(sorry, I couldn't resist!)

 - Original Message -
 From: Abd ul-Rahman Lomax [EMAIL PROTECTED]
 To: Protel EDA Forum [EMAIL PROTECTED]
 Sent: Tuesday, September 25, 2001 1:19 PM
 Subject: Re: [PEDA] Virtual Shorts


  At 08:23 AM 9/25/01 +0200, Edi Im Hof wrote:
  At 11:47 24.09.01 -0700, you wrote:
  At 08:21 AM 9/24/01 -0500, Mark E Witherite wrote:
   The issue with the virtual short is that it must be cut to
 test
   the two nets.
  
  Has somebody tried to make the virtual short not virtual but real?


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Re: [PEDA] Virtual Shorts

2001-09-25 Thread Abd ul-Rahman Lomax

At 11:27 AM 9/25/01 -0400, you wrote:
Hey, Abdul, your message had the full text of the original thread in it.  I
thought you were the one who advocated not doing that!  ;-)

Certainly I have. Do as I say, not as I do :-)

Seriously, I did not quote the full text, the boilerplate at the end was 
cut. I normally leave enough of the original post for my response to have 
some context; if the original post is short, as it was in this case, I may 
leave all of it. In this case I probably left a little too much, looking 
back, especially with the levels of nesting.

Sometimes I might simply overlook the quoted text if I inserted text and 
the quotation was off-screen as a result of my editing process. I try to be 
careful not to do that


Abd ul-Rahman Lomax
LOMAX DESIGN ASSOCIATES
PCB design, consulting, and training
Protel EDA license resales
Easthampton, Massachusetts, USA
(413) 282-0013, efax (419) 730-4777
[EMAIL PROTECTED]


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Re: [PEDA] Virtual Shorts

2001-09-24 Thread Mark E Witherite
 


Re: [PEDA] Virtual Shorts

2001-09-21 Thread Mark E Witherite
 


Re: [PEDA] Virtual Shorts

2001-09-21 Thread Abd ul-Rahman Lomax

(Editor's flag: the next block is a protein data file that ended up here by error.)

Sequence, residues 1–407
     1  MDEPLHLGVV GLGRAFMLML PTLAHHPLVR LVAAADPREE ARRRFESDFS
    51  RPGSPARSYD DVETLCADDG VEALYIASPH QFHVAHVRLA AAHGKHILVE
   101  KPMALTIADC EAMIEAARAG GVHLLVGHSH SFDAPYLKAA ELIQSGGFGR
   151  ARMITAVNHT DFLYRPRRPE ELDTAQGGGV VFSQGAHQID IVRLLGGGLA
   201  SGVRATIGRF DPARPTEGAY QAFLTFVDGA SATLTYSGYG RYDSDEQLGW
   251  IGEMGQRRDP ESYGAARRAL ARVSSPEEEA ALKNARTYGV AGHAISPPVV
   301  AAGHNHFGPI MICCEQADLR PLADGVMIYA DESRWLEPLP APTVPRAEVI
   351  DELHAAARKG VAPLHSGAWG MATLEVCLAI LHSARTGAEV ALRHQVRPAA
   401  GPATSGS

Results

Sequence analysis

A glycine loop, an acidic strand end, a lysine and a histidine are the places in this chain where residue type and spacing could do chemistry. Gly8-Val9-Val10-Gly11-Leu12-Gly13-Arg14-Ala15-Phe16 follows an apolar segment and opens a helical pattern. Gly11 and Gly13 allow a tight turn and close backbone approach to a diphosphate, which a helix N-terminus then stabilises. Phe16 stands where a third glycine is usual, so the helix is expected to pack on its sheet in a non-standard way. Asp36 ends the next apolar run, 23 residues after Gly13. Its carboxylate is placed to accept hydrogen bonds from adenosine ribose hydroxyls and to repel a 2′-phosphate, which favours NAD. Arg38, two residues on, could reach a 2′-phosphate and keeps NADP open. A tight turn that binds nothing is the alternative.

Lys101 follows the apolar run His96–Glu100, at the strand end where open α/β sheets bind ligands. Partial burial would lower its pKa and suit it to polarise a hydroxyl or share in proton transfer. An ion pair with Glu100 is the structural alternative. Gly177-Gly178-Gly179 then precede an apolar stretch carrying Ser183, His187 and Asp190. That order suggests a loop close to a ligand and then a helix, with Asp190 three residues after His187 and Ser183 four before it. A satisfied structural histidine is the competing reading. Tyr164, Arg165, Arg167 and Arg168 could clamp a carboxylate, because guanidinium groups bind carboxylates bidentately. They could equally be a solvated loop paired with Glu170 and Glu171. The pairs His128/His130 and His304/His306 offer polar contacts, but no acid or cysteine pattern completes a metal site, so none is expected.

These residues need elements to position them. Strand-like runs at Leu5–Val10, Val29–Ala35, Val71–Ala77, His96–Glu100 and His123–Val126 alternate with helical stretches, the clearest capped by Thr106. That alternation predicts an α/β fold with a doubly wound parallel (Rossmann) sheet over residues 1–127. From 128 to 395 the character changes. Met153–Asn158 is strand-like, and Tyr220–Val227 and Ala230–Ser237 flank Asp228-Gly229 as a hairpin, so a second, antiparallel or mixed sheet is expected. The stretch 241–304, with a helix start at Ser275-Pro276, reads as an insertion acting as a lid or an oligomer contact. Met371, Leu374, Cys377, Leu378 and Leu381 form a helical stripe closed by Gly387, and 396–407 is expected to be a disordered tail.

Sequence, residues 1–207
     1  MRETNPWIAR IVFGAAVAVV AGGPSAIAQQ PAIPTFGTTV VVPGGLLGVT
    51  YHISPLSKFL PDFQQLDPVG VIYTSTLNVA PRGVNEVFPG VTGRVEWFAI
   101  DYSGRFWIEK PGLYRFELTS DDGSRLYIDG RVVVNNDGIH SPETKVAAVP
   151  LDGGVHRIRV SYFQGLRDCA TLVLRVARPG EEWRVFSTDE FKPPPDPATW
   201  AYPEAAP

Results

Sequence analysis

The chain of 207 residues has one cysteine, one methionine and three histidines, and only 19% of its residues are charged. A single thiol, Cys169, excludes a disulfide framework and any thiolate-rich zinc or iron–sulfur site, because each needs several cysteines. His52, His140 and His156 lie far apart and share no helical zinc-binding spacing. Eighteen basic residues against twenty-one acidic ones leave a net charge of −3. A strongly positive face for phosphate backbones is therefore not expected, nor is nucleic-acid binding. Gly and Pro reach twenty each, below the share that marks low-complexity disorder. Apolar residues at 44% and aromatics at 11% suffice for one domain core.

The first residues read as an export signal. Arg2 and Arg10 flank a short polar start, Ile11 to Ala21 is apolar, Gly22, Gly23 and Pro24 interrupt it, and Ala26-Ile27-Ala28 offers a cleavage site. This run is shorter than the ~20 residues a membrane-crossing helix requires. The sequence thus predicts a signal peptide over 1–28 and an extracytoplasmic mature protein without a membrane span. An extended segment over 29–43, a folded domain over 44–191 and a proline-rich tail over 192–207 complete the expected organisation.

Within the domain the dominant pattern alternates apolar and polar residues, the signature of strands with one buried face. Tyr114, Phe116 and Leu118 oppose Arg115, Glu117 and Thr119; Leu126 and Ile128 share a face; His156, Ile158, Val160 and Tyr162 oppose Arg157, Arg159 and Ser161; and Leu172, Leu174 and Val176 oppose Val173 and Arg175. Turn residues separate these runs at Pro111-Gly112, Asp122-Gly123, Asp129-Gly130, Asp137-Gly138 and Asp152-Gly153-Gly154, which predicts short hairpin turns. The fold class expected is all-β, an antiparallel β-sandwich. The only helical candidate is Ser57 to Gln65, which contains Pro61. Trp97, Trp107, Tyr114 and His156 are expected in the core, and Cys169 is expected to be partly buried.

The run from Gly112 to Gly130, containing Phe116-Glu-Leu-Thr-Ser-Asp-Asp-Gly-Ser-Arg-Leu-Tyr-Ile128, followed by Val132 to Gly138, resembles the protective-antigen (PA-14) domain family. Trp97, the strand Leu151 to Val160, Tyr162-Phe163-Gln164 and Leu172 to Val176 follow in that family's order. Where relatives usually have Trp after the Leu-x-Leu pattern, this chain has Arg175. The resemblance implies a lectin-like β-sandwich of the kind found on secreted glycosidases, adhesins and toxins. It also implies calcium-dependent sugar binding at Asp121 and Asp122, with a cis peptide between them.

At 04:34 PM 9/21/01 -0500, Mark E Witherite wrote:
I was going to let the group how I made out with the virtual short I was 
planing on using on my internal planes.  After a short discussion We 
decided not to do it.  Our main concern was there was no way to test the 
PCB to be sure that the nets were tied at one and only one place.  We when 
with the zero ohm resistor.

Right, or any kind of jumper. A zero-ohm resistor is very cheap and can be 
machine assembled. The virtual short is, schematically, the same thing, but 
is to be used where one wants the short to be implemented without further 
assembly. No question, it presents a testing problem, for a short somewhere 
else may cause very subtle problems, the proverbial system failure when the 
police outside use their radar gun, the once in 4 trillion operations 
glitch, etc.

But there are ways to test such a thing, it is just, I think, not 
practical, much easier to guarantee a single point of connection by forcing 
it in assembly not in board fab.

[EMAIL PROTECTED]
Abdulrahman Lomax
Easthampton, Massachusetts USA

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Re: [PEDA] Virtual Shorts

2001-09-21 Thread Dwight Harm

I was wondering, Mark, was the issue that you wanted to test the nets before
assembly?  Or was it just in case of problems after assembly?  For the
second case, you might use a virtual short on the top or bottom layers,
which could be cut if need be.

-Original Message-
From: Mark E Witherite [mailto:[EMAIL PROTECTED]]
Sent: Friday, September 21, 2001 2:35 PM

Hi
I was going to let the group how I made out with the virtual short I was
planing on using on my internal planes.  After a short discussion We
decided not to do it.  Our main concern was there was no way to test the
PCB to be sure that the nets were tied at one and only one place.  We when
with the zero ohm resistor.
Cheers
Mark

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Re: [PEDA] Virtual Shorts

2001-09-03 Thread Chris Mackensen

I'm *wearing* my virtual shorts right now good thing this is radio and
not television

-chris

-Original Message-
From: Don Ingram [mailto:[EMAIL PROTECTED]]
Sent: Monday, September 03, 2001 3:41 AM
To: Protel EDA Forum
Subject: [PEDA] Virtual Shorts